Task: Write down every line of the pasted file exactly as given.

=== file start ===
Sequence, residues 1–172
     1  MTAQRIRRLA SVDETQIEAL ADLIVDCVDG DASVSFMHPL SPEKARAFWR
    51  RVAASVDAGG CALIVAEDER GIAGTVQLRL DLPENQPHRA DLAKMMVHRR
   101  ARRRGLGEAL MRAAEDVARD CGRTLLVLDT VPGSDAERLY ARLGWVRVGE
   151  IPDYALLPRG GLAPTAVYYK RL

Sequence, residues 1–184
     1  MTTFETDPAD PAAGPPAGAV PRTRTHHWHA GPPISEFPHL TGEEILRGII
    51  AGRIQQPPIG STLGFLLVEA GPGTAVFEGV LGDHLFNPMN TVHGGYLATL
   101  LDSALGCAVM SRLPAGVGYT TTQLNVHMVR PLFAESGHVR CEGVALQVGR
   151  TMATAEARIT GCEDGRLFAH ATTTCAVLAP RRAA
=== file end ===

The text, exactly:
Sequence, residues 1–172
     1  MTAQRIRRLA SVDETQIEAL ADLIVDCVDG DASVSFMHPL SPEKARAFWR
    51  RVAASVDAGG CALIVAEDER GIAGTVQLRL DLPENQPHRA DLAKMMVHRR
   101  ARRRGLGEAL MRAAEDVARD CGRTLLVLDT VPGSDAERLY ARLGWVRVGE
   151  IPDYALLPRG GLAPTAVYYK RL

Sequence, residues 1–184
     1  MTTFETDPAD PAAGPPAGAV PRTRTHHWHA GPPISEFPHL TGEEILRGII
    51  AGRIQQPPIG STLGFLLVEA GPGTAVFEGV LGDHLFNPMN TVHGGYLATL
   101  LDSALGCAVM SRLPAGVGYT TTQLNVHMVR PLFAESGHVR CEGVALQVGR
   151  TMATAEARIT GCEDGRLFAH ATTTCAVLAP RRAA